First form of sherwani like coat can be traced to Kushan king Kanishka who ruled northern Indian subcontinent and came to throne in 78 AD. The overcoat is depicted on a stone statue which was sculpted at Mathura school of Art. Both the Gandhara and Mathura schools of art flourished in the time of Kanishka and saw creation of beautiful Buddhist sculptures. The Kushans had migrated from colder regions and the coat in the statue was reminiscent of the Central Asian winter. This overcoat seems to be the antecedent of modern day Sherwani. The garment went through a long history and eventually manifested in the form of Jama and Farzi of Mughal times. The Ain-i Akbari of Abul Fazl provides several types of the garment resembling an overcoat which eventually took the form of a Sherwani.
Amongst the objects of clothing worn by the royalty and which must have been copied by the nobility the following resemble a modern day Sherwani.
Takauchiyah is defined by Abul Fazl the court historian of Akbar as a coat without lining. It earlier had slits in the lower part and was tied at the waist but Akbar removed the slits and made the fastening to the right. A plain takauchiya could be made from one to three rupees (silver coin) of Mughal times. While takauchiya tied to the right there was another similar garment known as Peshwaz which was had ties in the front. Another type of coat mentioned by Abul Fazl was Dutahi which used to require six yards of cloth for the outside. There is mention of a coat having sixty rows and a different type of stitch which was called shastkhat. The cost of making this type of coat is two rupees per yard.
Jamah-i pumbahdar was a wadded or cushioned coat and is also known as Qaba and was a commonly worn dress by the royalty and nobility. It could be made between quarter to one rupee. Farji had no binding and was open in the front. It was worn over the jamah and could be made for the cost of quarter to one rupee.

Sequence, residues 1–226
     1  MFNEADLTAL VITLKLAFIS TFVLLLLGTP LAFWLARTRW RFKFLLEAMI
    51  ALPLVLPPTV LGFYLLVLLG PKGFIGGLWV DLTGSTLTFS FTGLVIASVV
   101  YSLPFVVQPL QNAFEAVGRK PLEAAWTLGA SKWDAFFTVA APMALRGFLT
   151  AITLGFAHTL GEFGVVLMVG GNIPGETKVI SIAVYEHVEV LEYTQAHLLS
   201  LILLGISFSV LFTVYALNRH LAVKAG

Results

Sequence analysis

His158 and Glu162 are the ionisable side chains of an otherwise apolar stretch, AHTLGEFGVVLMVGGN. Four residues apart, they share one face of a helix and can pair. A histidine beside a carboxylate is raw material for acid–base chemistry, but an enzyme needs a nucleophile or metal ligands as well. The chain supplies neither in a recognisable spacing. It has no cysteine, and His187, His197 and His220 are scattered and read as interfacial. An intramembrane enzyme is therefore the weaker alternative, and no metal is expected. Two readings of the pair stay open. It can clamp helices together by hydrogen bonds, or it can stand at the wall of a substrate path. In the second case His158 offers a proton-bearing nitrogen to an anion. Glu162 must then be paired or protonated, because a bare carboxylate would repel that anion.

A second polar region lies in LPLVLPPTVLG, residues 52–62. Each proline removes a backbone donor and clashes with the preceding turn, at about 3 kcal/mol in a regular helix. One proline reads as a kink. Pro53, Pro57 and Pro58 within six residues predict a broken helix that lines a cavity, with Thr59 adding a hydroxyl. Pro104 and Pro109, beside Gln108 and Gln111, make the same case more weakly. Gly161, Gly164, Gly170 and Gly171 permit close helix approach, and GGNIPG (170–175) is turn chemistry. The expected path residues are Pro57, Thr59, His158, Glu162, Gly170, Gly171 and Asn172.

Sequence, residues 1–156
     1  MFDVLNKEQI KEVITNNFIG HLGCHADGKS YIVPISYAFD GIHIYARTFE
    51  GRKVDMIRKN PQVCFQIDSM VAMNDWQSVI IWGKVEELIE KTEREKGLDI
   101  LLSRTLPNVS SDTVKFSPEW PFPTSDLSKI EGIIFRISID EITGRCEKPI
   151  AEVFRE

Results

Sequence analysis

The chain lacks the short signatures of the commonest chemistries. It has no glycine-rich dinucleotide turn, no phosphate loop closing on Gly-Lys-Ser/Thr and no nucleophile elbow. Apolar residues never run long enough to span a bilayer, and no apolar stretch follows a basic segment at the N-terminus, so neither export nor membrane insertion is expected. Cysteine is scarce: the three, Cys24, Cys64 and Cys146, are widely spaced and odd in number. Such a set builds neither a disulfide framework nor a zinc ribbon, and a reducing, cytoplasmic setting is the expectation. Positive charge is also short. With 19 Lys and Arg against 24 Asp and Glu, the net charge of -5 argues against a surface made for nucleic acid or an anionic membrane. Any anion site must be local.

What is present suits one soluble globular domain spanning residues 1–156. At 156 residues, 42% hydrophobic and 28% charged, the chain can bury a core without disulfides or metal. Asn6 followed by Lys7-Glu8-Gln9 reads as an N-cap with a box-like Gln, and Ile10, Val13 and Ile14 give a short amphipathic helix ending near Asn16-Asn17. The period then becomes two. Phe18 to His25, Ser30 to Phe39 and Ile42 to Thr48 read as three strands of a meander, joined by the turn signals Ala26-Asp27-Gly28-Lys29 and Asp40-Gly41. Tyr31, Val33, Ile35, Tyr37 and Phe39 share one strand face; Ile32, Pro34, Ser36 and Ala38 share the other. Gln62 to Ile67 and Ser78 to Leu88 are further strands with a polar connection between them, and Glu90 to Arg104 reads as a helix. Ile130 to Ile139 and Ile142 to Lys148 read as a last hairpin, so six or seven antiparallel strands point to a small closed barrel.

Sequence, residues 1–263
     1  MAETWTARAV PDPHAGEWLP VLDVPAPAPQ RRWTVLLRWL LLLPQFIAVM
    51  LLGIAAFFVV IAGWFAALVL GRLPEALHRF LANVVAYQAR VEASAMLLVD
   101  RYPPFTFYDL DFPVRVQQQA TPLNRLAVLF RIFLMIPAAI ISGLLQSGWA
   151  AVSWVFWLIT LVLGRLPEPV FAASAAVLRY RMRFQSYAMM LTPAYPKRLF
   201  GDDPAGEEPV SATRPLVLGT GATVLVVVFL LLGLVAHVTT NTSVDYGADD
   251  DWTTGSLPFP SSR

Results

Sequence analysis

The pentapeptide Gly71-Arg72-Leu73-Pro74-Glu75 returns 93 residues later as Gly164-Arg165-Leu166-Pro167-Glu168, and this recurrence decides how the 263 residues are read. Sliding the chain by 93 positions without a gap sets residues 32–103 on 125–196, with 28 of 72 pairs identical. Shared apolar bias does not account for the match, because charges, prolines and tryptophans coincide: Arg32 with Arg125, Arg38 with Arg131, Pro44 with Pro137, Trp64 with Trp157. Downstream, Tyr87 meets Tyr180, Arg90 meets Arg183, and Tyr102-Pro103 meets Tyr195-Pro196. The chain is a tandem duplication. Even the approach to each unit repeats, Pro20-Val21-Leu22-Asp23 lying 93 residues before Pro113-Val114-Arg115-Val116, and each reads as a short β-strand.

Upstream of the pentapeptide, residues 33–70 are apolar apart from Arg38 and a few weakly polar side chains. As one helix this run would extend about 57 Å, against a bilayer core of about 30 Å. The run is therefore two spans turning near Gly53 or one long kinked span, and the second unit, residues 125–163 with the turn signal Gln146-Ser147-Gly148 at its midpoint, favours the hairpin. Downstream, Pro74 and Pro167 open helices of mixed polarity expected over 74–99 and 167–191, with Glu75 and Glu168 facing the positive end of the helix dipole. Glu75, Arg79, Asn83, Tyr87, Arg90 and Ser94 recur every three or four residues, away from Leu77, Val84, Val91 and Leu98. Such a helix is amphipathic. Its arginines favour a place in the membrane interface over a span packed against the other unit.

These upper body garments which resembled coats remained in use by the high class nobility of the Indian society for a long time. The garments were customized according to the weather and location. Eventually with the decline of the Mughals and the rise of the regional centres of power in places like Lucknow, Hyderabad and Murshidabad certain changes began to be seen in the jama garment. It is known that now in place of the strings that were in use, the use of buttons also began for the purpose of fastening of the garment. This seems to be an influence of the Europeans who had gained power and prominence in the 18th -19th centuries.
The British who controlled majority of the Indian subcontinent made heavy influences on the northern Indian elite dress of jama. It was eventually a combination of the buttoned coats worn by the British and the jama of the pre-modern culture that led to the creation of Sherwani. The Muslim Reformer, Syed Ahmad Khan who aimed at modernizing the backward, ignorant Muslims wished for Muslims to have both the modern outlook and a connection to ones traditions and culture. He also wished it to be reflected in the appearance of the people and students associated with the ideals. This was manifested in the form of Aligarh Sherwani which seems to be a result of coming together of Mughal jama and European coat.